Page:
Kendall O’Connor, a legendary Disney layout artist and art director who helped to pioneer the art of animation with his contributions to 13 animated features and nearly 100 shorts, died May 27 of natural causes at his home in Burbank. He was 90.
Regarded as one of animation’s top creative talents, O’Connor was born in Perth, Western Australia, and studied fine art and photography before launching his career as a newspaper reporter/artist at age 16.
He arrived in the U.S. in 1930 and joined the Disney Studios five years later as a layout artist and went on to break new ground for the art form.
His dramatic staging of the evil witch’s demise atop the precipice in “Snow White and the Seven Dwarfs” and stylized work on the “Dance of the Hours” segment for “Fantasia” were among the highlights of his early career at Disney.
He went on to design such memorable Disney icons as the coach for “Cinderella,” the marching cards for “Alice in Wonderland” and Skull Rock for “Peter Pan.”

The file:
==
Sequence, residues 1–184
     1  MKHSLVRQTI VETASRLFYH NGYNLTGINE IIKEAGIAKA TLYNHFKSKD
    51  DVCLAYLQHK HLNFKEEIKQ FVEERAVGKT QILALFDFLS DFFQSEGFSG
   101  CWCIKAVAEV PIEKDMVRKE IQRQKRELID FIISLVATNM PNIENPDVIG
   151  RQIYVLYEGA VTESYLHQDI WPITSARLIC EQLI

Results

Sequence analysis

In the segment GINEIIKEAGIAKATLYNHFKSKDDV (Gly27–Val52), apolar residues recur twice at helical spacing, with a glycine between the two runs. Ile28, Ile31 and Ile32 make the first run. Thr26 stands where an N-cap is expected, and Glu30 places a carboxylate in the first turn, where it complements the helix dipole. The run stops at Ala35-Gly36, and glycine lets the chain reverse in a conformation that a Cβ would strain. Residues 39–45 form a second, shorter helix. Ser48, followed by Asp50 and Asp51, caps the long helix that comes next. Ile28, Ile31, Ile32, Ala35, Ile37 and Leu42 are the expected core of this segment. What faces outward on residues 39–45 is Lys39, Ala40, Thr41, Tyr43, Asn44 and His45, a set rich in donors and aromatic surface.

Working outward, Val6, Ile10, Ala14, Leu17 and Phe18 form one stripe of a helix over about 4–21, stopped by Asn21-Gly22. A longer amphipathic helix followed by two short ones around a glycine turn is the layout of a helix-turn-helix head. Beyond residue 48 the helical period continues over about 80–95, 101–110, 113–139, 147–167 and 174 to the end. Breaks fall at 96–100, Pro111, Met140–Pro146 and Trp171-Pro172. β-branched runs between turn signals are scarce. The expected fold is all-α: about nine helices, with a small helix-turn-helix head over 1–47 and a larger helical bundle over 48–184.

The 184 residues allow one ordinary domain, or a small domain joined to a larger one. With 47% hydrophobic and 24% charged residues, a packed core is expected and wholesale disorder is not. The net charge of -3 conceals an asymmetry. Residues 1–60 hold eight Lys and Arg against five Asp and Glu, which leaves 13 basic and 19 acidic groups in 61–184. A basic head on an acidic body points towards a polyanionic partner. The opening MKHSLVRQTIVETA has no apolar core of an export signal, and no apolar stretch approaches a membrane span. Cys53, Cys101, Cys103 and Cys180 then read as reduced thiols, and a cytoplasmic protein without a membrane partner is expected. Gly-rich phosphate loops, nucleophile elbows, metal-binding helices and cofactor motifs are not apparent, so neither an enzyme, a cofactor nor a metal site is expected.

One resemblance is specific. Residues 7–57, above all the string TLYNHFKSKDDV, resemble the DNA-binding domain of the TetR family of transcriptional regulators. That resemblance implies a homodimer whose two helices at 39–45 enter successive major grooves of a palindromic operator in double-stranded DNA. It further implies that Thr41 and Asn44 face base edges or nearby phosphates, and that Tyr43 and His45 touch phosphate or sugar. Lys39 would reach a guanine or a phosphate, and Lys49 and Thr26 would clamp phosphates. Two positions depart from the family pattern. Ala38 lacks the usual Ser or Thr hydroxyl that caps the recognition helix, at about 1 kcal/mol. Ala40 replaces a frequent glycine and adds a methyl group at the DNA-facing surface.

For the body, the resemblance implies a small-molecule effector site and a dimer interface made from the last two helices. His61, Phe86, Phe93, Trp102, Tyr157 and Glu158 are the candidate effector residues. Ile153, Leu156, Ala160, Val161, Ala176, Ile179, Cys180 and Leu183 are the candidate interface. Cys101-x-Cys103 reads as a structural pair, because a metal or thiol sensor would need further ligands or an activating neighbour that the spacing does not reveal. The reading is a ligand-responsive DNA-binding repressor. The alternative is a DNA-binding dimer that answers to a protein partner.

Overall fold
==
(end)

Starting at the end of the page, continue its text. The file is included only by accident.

During World War II, O’Connor worked at the Disney studio on a variety of training pics and teamed up with Frank Capra on films for the Army Motion Picture Dept. His contribution to the military effort included a post-war film describing the Marshall Plan for Demobilization.
During the 1950s, O’Connor served as art director on Disney’s trio of landmark “space factuals” for TV — “Man in Space,” “Man and the Moon” and “Mars and Beyond.”
Those imaginative efforts are credited with sparking the public interest in space exploration and leading to an acceleration of the government’s space program. O’Connor also lent his talents to the educational short “Toot, Whistle, Plunk and Boom,” which went on to win an Oscar in 1953.
O’Connor officially retired from Disney in 1974, but continued to work with the company on a variety of projects including the “World of Motion” and “Universe of Energy” attractions for Epcot Center.
Additionally, he taught at California Institute of the Arts (CalArts), where he helped to influence future filmmakers.
Among his professional accomplishments, O’Connor received an Annie Award, a Golden Award from the Motion Picture Screen Cartoonists in 1985 and a Disney Legends Award in 1992 for his numerous contributions to the studio.
O’Connor is survived by his wife of 54 years, Mary Alice; his son, John A. O’Connor, who is also a filmmaker, his daughter, Joan-Patricia O’Connor;three grandchildren; a brother and sister; and numerous cousins, nieces and nephews.
The family has established the Ken O’Connor Animation Scholarship Fund.
Donations to The Ken O’Connor Animation Scholarship Fund can be sent to P.O. Box 3535, Burbank, CA 91508. For more information, call (213) 849-1728.